Ukrainian intelligence is investigating Iryna Farion, a former member of the right-wing Svoboda party, who, by publicly posting a screenshot of a freshman college student’s private e-mail exposed his pro-Ukrainian views to Russian occupation officials in Crimea.
The first-year university student, Maxim Hlebov, who studied philology in occupied Sevastopol, sent an email to Farion, who’s a Ukrainian-language philologist, where he expressed his pro-Ukrainian views.
Farion then posted an image of the student’s e-mail with his private information to her Telegram page.
Dmytro Lubinets the Commissioner for Human Rights in Ukraine’s parliament, the Verkhovna Rada, said that since Farion outed the student, the Russian Interior Ministry’s “Center for Combating Extremism” has been “dealing with” the young man.
“Therefore, in connection with the fact of disclosure of confidential information, I appealed to the Security Service of Ukraine for a proper response! I want the actions of the Ukrainian citizen to be properly analyzed and given a legal assessment,” Lubinets wrote on Telegram Tuesday.
And on Wednesday, the Security Service of Ukraine (SBU) posted that it was investigating Farion’s statements for:
▪️ Violation of equality of citizens based on their race, nationality, region, religious beliefs, disability and other grounds
▪️ Insulting the honor and dignity of a serviceman, threats to a serviceman
▪️ Violation of the secrecy of correspondence, telephone conversations, telegraphic or other correspondence transmitted by means of communication or via computer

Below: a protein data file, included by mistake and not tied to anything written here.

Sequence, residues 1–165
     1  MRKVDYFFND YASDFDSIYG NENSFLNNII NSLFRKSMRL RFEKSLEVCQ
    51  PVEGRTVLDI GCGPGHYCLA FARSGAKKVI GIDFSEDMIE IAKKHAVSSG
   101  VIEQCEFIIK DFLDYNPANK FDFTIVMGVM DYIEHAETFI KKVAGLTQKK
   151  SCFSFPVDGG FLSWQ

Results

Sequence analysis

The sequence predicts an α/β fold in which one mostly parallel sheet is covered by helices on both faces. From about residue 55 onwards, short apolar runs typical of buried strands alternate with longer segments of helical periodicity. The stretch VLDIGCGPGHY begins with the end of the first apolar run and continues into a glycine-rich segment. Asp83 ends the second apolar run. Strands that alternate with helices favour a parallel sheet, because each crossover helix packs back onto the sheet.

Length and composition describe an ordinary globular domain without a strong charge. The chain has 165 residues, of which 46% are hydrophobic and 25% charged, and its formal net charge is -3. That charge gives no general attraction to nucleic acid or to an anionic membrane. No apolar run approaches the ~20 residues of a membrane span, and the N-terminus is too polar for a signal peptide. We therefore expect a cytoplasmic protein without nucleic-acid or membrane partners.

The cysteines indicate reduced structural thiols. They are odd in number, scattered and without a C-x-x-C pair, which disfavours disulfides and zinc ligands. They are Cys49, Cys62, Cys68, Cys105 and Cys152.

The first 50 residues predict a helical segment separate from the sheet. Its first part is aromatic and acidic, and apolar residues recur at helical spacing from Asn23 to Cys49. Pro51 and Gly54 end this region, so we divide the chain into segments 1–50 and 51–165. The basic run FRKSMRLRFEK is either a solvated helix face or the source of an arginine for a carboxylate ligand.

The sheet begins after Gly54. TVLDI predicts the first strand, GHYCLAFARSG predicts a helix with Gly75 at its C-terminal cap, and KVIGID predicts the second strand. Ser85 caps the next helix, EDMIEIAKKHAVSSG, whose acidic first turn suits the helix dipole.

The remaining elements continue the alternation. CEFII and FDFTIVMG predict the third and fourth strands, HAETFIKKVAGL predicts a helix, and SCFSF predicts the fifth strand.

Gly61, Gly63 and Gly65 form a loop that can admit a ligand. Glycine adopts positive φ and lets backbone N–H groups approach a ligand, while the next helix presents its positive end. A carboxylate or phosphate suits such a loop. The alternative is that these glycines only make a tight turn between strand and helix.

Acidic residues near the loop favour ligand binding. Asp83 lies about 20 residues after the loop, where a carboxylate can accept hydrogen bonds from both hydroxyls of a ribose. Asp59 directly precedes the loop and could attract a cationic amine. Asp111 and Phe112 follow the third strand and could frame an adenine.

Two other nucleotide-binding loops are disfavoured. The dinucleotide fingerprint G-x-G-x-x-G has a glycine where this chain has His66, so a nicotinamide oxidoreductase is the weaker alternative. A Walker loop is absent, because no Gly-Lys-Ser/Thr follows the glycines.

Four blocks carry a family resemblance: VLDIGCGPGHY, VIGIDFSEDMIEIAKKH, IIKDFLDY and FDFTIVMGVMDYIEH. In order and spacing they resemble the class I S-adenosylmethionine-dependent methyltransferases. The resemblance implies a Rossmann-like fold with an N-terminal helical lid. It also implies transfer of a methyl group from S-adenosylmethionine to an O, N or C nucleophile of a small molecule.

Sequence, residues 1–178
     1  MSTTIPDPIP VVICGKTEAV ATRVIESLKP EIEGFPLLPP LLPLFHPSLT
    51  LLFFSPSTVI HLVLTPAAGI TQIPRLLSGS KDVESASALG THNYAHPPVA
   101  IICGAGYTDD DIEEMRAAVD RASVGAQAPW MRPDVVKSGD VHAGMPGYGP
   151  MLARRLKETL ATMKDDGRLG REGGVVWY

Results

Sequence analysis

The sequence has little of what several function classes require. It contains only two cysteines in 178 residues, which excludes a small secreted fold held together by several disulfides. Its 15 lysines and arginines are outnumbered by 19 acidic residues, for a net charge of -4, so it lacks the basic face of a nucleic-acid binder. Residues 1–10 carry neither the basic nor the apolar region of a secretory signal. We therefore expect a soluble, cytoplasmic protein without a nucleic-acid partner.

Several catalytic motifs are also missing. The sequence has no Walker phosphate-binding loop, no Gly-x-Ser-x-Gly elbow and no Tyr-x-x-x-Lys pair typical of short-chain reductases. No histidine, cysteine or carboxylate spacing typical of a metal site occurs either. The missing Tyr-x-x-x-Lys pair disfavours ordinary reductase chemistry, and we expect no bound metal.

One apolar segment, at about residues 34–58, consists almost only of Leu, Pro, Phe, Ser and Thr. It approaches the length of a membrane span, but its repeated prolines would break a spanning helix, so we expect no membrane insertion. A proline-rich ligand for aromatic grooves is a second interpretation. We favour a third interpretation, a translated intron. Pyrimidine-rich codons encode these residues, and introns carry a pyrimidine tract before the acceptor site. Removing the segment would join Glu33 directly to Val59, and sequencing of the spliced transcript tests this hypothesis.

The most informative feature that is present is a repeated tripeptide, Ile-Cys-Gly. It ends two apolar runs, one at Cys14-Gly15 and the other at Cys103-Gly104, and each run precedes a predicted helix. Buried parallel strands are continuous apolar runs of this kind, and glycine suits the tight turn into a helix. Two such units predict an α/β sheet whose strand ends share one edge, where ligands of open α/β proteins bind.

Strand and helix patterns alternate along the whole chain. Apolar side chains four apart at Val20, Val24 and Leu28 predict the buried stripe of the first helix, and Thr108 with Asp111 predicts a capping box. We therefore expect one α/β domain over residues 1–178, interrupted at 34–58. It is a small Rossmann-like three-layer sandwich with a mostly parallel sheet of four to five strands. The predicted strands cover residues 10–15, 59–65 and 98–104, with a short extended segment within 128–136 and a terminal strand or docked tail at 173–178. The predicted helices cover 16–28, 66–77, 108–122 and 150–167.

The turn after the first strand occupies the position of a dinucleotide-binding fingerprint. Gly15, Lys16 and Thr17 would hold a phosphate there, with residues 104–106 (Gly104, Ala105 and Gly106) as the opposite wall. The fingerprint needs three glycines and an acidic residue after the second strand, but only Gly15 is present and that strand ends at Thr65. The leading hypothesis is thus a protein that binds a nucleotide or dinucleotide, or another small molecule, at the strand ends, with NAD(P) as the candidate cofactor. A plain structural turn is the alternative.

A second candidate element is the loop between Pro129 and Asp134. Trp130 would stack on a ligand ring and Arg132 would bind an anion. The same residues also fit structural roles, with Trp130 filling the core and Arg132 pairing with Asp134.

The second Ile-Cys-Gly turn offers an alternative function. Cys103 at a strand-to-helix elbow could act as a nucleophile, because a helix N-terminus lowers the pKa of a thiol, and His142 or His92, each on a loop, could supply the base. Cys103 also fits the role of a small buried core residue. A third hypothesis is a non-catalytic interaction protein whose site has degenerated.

▪️ Violation of privacy
Meanwhile, before Farion revealed the freshman student’s pro-Ukrainian position to Russian-occupation authorities, she’d already been accused of being a Russian agent both by world-champion Ukrainian boxer Oleksandr Usyk and by Maxim Zhorin, the former commander of Ukraine’s largely Russian-speaking Azov Brigade.
In an interview on Nov. 5, Farion, who lectures on the Ukrainian language at Lviv Polytechnic University, accused the military, particularly soldiers from its mostly Russian-speaking Azov Brigade – which defended the city of Mariupol and the Azovstal steelworks against relentless Russian attacks – of being unpatriotic, due to their use of the Russian language.
“I cannot call them Ukrainians. If they don't speak Ukrainian, let them call themselves ‘Russians.’ Why are they so crazy? If they are such great patriots, show your patriotism,” Farion said.
Usyk, who is also a Russian-speaking Ukrainian, composed a poem about Farion, describing her as a Russian agent.
And the brigade’s former commander also reacted sharply.
“No one gave you the right to open your mouth towards Azov, the Third Assault or any other unit of the Ukrainian army. So just go f**k yourself!” Zhorin wrote on Telegram.
Zhorin publicly called on Ukrainian police to investigate Farion, saying that she, “splits Ukrainian society according to FSB (Russia’s successor to the KGB) methods.”
In response to Zhorin, Farion wrote a letter to Ukrainian President Volodymyr Zelensky, Armed Forces Commander-in-Chief Valeriy Zaluzhny, and Defense Minister Rustem Umerov, asking that measures be taken against Azov’s former commander, who she said “defamed the honor of a Ukrainian officer.”
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